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When NBA power forward Kevin Durant gets high, he does candid interviews with television icons and talks about his relationship with marijuana and the general stigmatization of cannabis. When David Letterman smokes weed, apparently he gets, well, a little introspective.
“My experience with it was that I lived in California, and I was much younger and everybody was doing it. It was in the late 70s, early 80s,” Letterman told Durant when the two recently spoke for his Netflix special, My Next Guest Needs No Introduction. “I can remember going to a Yankees-Angels game. And my girlfriend and I smoked a joint before the game…and I kept thinking, ‘Wow, that guy is standing on a mound of dirt. Whoa, it’s actually a mound of dirt.’”
Kevin Durant and Weedmaps
In the interview, which airs fully on May 20, Durant discusses his personal use — “actually, I’m high right now,” he said — and partnership with cannabis technology giant Weedmaps to help destigmatize marijuana, especially how athletes use and benefit from it.
“I thought it was always interesting that the rest of the world was a little slower to be open about cannabis and its use, but to see, walking down the street—I live in San Francisco—you walk around the corner, there’s four or five dispensaries right on the corner,” he told Marijuana Moment last year. And yet “athletes are still being tested four times a year for cannabis, and it just felt like the world was starting to close in on how people felt about the use of cannabis, and now it’s an open dialogue and it’s been amazing to hear.”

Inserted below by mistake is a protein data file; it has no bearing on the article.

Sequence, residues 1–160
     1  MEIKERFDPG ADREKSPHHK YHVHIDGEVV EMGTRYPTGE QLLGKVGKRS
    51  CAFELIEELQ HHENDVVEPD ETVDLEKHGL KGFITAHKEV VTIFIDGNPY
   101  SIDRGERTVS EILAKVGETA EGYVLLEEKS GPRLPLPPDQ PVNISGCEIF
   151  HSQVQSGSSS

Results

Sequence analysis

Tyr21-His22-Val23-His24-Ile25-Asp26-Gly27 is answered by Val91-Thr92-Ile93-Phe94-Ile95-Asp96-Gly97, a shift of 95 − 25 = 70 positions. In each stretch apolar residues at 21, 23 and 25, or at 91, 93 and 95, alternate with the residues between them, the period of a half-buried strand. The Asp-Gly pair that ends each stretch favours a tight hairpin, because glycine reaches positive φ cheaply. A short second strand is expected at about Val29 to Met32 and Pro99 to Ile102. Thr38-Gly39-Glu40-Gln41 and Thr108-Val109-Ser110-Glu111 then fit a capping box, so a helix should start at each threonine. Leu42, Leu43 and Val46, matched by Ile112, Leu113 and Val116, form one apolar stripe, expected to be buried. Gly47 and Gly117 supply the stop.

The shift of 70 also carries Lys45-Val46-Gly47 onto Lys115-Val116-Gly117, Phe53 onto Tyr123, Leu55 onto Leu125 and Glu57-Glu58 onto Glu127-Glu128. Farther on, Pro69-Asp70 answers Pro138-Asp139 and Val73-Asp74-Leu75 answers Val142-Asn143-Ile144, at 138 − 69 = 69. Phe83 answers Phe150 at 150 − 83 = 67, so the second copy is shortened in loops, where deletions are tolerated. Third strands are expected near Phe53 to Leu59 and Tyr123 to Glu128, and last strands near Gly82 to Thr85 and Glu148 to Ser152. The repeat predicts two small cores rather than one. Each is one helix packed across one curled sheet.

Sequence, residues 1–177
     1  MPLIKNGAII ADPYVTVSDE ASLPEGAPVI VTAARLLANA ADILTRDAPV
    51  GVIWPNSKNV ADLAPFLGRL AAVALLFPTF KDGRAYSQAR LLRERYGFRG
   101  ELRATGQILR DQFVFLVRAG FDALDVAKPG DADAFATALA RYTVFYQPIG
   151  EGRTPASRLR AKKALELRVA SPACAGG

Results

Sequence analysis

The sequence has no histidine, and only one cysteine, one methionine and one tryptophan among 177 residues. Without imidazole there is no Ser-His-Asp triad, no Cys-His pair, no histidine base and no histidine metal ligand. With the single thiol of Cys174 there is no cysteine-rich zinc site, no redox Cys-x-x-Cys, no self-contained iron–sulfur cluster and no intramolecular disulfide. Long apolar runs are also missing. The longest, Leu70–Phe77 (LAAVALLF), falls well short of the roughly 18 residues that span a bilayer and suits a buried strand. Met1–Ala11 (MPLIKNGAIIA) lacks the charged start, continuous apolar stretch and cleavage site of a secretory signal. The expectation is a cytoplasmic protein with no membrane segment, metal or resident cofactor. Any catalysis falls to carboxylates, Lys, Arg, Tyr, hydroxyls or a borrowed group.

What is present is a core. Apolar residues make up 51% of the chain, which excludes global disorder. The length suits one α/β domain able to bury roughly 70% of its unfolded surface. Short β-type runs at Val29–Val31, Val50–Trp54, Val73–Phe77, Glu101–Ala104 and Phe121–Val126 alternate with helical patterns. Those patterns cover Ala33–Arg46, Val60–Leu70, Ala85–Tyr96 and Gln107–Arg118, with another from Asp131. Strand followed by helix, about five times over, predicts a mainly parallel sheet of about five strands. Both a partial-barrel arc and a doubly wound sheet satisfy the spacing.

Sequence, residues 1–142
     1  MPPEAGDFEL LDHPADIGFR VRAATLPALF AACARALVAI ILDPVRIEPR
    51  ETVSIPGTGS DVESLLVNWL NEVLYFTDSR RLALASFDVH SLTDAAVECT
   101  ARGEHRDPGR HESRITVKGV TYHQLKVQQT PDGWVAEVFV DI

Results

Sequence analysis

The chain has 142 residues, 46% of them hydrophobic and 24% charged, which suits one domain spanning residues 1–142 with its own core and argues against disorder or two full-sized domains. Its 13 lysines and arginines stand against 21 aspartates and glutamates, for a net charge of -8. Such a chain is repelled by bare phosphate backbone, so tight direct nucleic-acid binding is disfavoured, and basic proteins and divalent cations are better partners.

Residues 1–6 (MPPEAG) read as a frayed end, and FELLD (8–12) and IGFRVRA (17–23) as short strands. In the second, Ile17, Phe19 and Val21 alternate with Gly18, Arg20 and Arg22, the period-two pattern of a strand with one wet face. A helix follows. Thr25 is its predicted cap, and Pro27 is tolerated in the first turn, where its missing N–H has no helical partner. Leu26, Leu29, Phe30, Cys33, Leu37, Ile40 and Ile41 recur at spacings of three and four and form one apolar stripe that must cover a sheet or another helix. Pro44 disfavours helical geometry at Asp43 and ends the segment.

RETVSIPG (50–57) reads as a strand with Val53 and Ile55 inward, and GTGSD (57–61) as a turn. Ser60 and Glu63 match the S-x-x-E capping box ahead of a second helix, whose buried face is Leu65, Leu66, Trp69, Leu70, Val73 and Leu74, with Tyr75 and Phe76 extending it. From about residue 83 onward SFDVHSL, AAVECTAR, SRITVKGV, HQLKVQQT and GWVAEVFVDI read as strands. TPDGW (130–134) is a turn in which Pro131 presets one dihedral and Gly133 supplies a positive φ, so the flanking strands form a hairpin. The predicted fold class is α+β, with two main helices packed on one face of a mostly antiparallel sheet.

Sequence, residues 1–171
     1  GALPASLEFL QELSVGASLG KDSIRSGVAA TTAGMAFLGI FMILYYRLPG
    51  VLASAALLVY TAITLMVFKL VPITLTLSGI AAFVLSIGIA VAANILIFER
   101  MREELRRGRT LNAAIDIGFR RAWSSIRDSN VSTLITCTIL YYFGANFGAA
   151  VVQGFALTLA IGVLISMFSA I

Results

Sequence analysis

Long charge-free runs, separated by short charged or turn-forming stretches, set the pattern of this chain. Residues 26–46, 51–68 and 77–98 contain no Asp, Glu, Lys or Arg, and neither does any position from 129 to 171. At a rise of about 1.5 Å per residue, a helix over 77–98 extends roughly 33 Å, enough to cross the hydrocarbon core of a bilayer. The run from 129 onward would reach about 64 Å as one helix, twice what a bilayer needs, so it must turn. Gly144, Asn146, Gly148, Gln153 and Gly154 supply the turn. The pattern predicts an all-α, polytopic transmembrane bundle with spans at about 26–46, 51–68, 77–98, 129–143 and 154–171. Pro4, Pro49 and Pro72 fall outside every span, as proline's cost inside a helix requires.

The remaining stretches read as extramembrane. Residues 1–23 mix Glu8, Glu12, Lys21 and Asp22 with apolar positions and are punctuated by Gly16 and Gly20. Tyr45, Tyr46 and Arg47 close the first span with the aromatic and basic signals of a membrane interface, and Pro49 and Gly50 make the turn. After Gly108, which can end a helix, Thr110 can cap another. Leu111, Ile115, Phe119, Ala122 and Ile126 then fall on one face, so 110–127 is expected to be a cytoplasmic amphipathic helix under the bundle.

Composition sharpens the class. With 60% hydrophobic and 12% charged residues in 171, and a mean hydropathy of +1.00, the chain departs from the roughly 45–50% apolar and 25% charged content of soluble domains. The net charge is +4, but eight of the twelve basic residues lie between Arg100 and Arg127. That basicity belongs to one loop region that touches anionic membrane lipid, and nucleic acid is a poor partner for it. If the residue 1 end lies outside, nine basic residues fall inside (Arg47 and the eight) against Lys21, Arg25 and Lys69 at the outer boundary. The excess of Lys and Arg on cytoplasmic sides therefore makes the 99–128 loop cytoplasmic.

Professional sports and cannabis
Durant openly discussing his cannabis use, not to mention being high while doing it, has been making some waves this week. He’s considered one of the greatest players of all time, a Hall of Fame shoe-in, and yet he’s been smoking weed since he was 22. The NBA policy, however, is that it’s a banned substance. Now 33, a voice like Durant’s normalizing cannabis and athletes is a big win.
More and more professional athletes are coming out as advocates for the plant, its healing properties, and also jumping into the business, including Dwayne Wade, Al Harrington, and Isiah Thomas among many others.
However it still seems one-sided, bowing more towards men’s sports versus women’s. Track star Sha’Carri Richardson was banned from competing in the Tokyo Olympics in 2020 because she tested positive for marijuana. Richardson didn’t use the plant to run better, she simply wanted to calm her anxiety about the death of her mother.
More recently, one of the WNBA’s best players, Brittney Griner, was arrested and is still detained in Russia for allegedly having a vape pen in her suitcase. The WNBA, NBA, and U.S. officials have all denounced the arrest and see it more as a political play as the Russian war on Ukraine wages on. As of May, she has been to court once with her detention extended. She could face up to 10 years in Russian prison if found guilty.
While cannabis use is technically banned, the NBA said last year that it wouldn’t penalize any player if marijuana was detected in drug tests.